Slovakia – The Christmas Mail 2022 

In 1999, Slovak Post launched the exceptional Christmas Mail project, which, over the years, has become an inseparable part of the Christmas period. Again in 2022 (for the twenty-fourth time) children can send letters or postcards to the Baby Jesus at the address “Ježiško 999 99”. Exactly ten years ago the management of Slovak Post decided to not only promote this unique project among children, but also among the general public through the issue of a postage stamp based on designs submitted by children. Since 2013, when the first postage stamp based on a child’s design was issued, tens of primary schools across Slovakia have participated in the Christmas Stamp competition and submissions from foreign children, for instance from Taiwan, that had been delivered by mail to the Baby Jesus were also accepted. 

Children from Komárno are the most frequent participants in the competition in the art designs for this stamp issue. The greatest success has been achieved by the young artists who attend an art class at the Rozmarínová Primary School in Komárno, led by Ing. Renáta Kubalová. Owing to her creativity and personal commitment the works of art created by children from her art class have become the Christmas postage stamp motif almost every year. Works are selected by a jury made up of members of the Postage Stamp Design Commission. They make their selection exclusively on the basis of artistic quality, not on the affiliation of children to any particular school. This is the main reason why the entire stamp issue for this year is made up of works by children from the Rozmarínová Primary School. 

The postage stamp is devoted to a drawing by Viktória Bubeníková that portrays Christmas carol singers, the motif of the FDC surcharge is a drawing of a Christmas town by Kristína Gubienová, and the motif of the FDC postmark is an angel by Nikolett Andrea Samai. The graphic designs of the winning designs were created by a graphic artist at Slovak Post, Adrian Ferda. 

Slovakia – The 150th Anniversary of the Foundation of the Eastern Slovak Museum in Košice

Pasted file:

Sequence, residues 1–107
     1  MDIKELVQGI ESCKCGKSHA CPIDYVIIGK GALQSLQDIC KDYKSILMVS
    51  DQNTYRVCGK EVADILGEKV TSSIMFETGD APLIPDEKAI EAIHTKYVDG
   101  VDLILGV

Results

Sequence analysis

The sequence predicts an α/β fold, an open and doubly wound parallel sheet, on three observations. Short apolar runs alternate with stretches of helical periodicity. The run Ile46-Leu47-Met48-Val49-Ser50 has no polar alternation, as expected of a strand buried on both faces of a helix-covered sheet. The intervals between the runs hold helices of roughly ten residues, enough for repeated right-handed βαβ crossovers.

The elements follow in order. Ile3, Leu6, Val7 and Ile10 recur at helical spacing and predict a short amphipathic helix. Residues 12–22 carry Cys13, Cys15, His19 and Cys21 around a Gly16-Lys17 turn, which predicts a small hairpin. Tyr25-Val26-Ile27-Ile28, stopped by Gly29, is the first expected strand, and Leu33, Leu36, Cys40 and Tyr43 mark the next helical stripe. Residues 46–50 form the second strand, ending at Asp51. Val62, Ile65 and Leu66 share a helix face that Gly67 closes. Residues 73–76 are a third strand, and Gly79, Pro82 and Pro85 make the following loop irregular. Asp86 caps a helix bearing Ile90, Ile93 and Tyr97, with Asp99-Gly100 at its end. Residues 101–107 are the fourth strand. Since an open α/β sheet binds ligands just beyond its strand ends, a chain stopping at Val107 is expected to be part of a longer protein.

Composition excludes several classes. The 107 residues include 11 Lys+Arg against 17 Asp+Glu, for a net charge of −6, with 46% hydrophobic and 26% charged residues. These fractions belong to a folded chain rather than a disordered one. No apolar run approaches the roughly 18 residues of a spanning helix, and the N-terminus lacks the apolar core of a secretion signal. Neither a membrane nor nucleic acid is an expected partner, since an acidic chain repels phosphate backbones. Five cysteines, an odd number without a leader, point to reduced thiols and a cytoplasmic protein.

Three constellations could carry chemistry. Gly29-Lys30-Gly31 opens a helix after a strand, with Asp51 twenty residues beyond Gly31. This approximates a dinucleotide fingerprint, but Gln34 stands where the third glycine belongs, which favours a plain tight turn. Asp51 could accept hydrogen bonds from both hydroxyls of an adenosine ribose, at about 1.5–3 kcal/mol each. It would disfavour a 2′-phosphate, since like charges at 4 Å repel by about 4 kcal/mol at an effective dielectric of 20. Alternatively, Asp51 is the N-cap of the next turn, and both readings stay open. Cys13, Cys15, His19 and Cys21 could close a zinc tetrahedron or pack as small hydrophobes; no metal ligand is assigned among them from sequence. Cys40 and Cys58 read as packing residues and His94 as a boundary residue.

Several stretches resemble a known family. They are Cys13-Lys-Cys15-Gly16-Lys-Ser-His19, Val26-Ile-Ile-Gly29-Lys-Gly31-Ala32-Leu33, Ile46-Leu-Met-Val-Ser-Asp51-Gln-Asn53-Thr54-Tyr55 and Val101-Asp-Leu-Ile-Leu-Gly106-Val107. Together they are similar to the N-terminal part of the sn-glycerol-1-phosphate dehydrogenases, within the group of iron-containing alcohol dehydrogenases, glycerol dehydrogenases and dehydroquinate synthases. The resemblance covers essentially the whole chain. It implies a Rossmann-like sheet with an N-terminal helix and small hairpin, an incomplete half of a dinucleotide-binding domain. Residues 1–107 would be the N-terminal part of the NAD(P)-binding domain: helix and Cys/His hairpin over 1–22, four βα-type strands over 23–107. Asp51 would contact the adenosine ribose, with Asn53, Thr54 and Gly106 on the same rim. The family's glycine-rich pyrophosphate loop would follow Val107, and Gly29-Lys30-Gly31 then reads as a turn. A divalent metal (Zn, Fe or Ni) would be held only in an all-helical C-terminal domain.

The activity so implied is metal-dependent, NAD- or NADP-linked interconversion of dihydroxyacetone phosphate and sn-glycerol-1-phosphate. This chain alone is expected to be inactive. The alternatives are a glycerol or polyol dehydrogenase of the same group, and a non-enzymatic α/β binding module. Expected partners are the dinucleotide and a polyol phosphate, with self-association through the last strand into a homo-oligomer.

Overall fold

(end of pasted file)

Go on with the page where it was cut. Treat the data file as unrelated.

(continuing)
The origins of our 150-year-old cultural institution date back to the second half of the 19th century, when an enthusiasm and passion for science became reality. Dr. Imrich Henszlmann was the driving force behind the establishment of an institution which would preserve exhibits from the town of Košice and the surrounding area. On 10th August 1846, in Košice, he presented his request to the travelling conference of the Association of Hungarian Physicians and Nature Researchers. His high-minded intentions became reality in 1872, when, on the initiative and concerted effort of the Klimkovics brothers and Viktor Myszkovsky, the Upper Hungarian Museum Association (Hung.: Felsőmagyarországi múzeum egylet) was established in Košice. Its foundation meeting was held in Košice on 27th October 1872. The first seat of the Upper Hungarian Museum was the building of the former public house The Golden Star (U zlatej hviezdy). The first items acquired for the museum included gold, silver and copper coins, banknotes, watches, documents, maps, books, engravings, furniture, guild chests, porcelain, various bronze and earthenware vessels, statuettes, jewellery, swords, pistols, minerals, taxidermy mounts, etc. The association had its golden age in the first few years after its foundation. After two years the Upper Hungarian Museum Association boasted a cultural and natural heritage collection made up of an incredible 14,016 items. The list of the first donors to the museum mainly included eminent figures from society, the culturally conscious people of Košice, church dignitaries, as well as institutions and associations. Throughout its 150-year history the Eastern Slovak Museum has managed a collection of more than 500,000 items, delivered thousands of interesting exhibitions and events, and boasts a number of restored collections and also many satisfied visitors. Our museum has grown to beauty into the new era through its constant effort to pursue the high-minded ideas and legacy of its conscious and noble founders.